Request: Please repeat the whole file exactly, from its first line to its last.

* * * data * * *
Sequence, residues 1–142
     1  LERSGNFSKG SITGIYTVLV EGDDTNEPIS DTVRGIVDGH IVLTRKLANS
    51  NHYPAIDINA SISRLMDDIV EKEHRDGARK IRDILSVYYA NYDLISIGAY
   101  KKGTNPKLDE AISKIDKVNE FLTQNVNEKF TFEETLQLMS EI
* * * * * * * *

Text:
Sequence, residues 1–142
     1  LERSGNFSKG SITGIYTVLV EGDDTNEPIS DTVRGIVDGH IVLTRKLANS
    51  NHYPAIDINA SISRLMDDIV EKEHRDGARK IRDILSVYYA NYDLISIGAY
   101  KKGTNPKLDE AISKIDKVNE FLTQNVNEKF TFEETLQLMS EI